Apple TV’s Futuristic Climate Show Is Already Coming True

Extrapolations creator Scott Z. Burns talks about the creative challenge of crafting climate fiction that can keep up with climate reality.

Article content

(Bloomberg) — When the futuristic climate series Extrapolations premiered on Apple TV+ in March, its opening episode depicted a New York City whose skies had turned orange from wildfire smoke — in the year 2037. So when the skies really did turn an apocalyptic orange last week as wildfire smoke from Canada suffocated the city, more than a few of the show’s fans had a flashback, or at least a flash-forward.

Advertisement 2

Article content

Over eight interconnected episodes, Meryl Streep, Kit Harington, Sienna Miller and other members of Extrapolations’ A-list cast confront an increasingly grim future as climate change transforms a 2037 existence not unlike our own into a 2070 hellscape, where exposure to the sun can be fatal and no one leaves their house without an oxygen tank. Scott Z. Burns, the show’s creator and executive producer, has said he wanted to set the series far enough in the future for today’s worsening climate trends to play out, but not so distant that the impacts would seem implausible to a 2023 audience.

Article content

No chance of that these days. In Extrapolations, one of the characters born in New York City during the 2037 wildfires develops debilitating “summer heart” from smoke exposure in utero. Today, doctors in Australia are treating “bushfire babies,” children born during the catastrophic fires of 2019-2020 with chronic pulmonary conditions.

Article content

Advertisement 3

Article content

Burns, who largely shot Extrapolations in New York, spoke to Bloomberg Green about telling a future that seems foretold.

Has climate reality already caught up to the future you depicted?

Well, I think that climate reality is recurring. When we shot that first season, there were some fires in Canada that affected the air quality in New York. I remember one day driving into our studios taking a photo of the skyline, which sort of served as our template for a lot of what we did in the pilot. Last week there were a lot of people posting things comparing the imagery from the pilot to the skies above Manhattan. People were thinking that maybe the show was on to something.

Last week’s events would seem to answer any critics who say Extrapolations was ahead of itself in depicting climate change in the future.

Advertisement 4

Article content

We all spent a lot of time deliberating over what the start date of Extrapolations should be. We wanted to push it far enough into the future to answer one big question, which is: Are these events like we’re seeing right now anomalies? Or are they part of newly created patterns? Or are there certain climate change issues that are tipping-point issues and these things are not cyclical but are capable of having a major sort of phase shift? Extrapolations suggests that there’s a period of time where things like this go on and we dismiss it as being as an anomaly and that everything will get back to normal next year. But eventually, you have to look at the trendline and go, “Normal is changing.”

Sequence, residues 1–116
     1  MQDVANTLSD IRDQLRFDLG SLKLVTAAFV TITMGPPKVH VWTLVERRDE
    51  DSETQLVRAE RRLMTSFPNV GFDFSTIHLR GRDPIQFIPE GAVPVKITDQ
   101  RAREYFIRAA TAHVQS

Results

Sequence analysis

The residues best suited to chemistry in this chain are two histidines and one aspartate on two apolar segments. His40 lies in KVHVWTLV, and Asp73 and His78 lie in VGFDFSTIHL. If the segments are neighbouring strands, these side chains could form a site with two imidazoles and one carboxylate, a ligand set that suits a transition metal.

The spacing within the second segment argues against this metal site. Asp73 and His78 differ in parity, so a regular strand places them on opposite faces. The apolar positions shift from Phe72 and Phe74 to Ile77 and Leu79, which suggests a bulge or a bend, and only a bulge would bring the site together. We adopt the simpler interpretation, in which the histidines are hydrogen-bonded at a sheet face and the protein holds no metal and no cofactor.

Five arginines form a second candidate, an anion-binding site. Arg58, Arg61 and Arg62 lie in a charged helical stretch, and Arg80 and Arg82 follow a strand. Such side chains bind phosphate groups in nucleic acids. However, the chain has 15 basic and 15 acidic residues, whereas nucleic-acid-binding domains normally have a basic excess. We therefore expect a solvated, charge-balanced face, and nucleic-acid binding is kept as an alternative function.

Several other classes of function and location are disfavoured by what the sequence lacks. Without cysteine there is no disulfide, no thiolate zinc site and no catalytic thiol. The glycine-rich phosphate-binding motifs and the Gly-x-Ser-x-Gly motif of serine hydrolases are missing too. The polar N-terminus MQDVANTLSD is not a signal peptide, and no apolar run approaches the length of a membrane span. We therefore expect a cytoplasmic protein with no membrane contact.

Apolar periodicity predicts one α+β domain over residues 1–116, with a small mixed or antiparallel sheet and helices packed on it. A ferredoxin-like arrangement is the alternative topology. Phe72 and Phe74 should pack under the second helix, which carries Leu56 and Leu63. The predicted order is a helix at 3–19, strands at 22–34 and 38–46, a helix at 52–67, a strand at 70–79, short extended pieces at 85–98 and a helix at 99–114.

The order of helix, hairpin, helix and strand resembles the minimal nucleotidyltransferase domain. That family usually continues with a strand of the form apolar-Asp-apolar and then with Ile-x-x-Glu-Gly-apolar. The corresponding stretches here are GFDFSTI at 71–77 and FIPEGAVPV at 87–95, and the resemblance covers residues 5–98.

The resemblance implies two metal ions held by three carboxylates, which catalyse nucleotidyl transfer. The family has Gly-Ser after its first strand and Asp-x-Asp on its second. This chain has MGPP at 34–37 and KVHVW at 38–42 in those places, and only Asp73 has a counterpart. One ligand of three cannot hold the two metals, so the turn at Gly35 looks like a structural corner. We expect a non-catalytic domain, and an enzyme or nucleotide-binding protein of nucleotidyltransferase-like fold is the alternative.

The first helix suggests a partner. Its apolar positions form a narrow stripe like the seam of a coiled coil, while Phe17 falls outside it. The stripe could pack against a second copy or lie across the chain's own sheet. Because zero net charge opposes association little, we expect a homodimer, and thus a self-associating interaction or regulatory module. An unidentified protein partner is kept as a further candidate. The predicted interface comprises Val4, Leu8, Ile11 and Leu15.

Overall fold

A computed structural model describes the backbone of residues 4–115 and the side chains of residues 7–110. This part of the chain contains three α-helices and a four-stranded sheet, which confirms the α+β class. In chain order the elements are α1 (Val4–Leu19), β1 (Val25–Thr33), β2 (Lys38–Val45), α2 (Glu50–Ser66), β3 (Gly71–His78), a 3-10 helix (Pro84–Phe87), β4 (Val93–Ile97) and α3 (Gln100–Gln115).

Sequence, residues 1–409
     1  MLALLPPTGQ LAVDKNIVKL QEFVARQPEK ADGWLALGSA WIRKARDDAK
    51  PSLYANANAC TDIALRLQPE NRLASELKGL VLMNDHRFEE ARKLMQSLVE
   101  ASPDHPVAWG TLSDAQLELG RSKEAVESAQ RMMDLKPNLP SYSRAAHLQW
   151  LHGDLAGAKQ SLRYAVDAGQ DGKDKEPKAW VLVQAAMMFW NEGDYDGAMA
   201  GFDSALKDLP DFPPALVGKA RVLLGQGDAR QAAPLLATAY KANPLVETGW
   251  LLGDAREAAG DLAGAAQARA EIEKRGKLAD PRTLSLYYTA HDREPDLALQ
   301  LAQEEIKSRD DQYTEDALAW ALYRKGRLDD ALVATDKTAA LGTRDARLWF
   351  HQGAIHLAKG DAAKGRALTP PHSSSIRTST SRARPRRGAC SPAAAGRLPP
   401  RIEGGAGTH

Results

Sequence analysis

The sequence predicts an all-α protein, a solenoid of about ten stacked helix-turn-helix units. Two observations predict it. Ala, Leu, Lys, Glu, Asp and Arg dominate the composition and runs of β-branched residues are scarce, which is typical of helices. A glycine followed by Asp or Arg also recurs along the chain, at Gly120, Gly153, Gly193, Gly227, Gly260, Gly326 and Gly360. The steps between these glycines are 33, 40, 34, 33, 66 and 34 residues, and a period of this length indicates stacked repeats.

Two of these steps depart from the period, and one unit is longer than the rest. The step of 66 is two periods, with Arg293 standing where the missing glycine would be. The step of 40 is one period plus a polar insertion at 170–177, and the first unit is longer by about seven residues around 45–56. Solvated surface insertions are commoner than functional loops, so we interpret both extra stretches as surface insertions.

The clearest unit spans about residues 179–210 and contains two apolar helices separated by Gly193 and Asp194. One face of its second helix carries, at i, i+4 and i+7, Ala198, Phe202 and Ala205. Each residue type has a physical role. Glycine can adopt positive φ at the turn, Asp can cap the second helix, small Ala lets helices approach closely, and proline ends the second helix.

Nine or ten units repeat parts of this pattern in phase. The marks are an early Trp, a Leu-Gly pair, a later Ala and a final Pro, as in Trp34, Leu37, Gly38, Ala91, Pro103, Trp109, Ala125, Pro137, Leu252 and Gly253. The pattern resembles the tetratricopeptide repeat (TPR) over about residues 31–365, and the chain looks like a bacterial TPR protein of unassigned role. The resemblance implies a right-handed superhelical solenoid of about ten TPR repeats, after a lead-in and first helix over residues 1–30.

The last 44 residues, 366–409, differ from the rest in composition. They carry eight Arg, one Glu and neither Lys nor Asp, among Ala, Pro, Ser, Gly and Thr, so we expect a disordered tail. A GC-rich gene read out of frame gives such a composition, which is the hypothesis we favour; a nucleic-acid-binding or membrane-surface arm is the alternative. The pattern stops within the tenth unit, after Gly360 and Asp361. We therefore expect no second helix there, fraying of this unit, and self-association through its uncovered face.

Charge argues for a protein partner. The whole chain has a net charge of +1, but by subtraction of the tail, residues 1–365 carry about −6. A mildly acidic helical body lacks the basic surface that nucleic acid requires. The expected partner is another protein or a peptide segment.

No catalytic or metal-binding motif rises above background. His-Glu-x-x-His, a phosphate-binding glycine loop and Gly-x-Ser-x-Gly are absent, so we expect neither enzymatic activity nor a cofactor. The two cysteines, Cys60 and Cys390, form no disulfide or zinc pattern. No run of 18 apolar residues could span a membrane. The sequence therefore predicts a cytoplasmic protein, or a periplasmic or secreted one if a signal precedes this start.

Suffocating smoke and orange skies are familiar on the US West Coast. Will that reality coming to the Eastern seaboard have an impact on how film and television creatives look at climate change?

Advertisement 5

Article content

I really hope so. One of our greatest hopes with this show is that we would be able to move things like what’s happening in the skies above New York into the public consciousness in a different way. So I hope that the more artists who encounter this will create more art in response. But there’s also a flipside to that, which is that in a month it’s very likely our skies won’t be orange and we’ll say, “Oh, that was the thing that happened that one crazy week.”

Will there be another season of Extrapolations?

Part of the reason the episodes were irregularly spaced was because we had contemplated the possibility of more seasons so that we could fill in the timeline. With the writers strike going on, I’ve had zero contact with Apple. So that remains a big unanswered question until the studios sit down and really work out a deal with us.

Article content

Comments

Postmedia is committed to maintaining a lively but civil forum for discussion and encourage all readers to share their views on our articles. Comments may take up to an hour for moderation before appearing on the site. We ask you to keep your comments relevant and respectful. We have enabled email notifications—you will now receive an email if you receive a reply to your comment, there is an update to a comment thread you follow or if a user you follow comments. Visit our Community Guidelines for more information and details on how to adjust your email settings.

Join the Conversation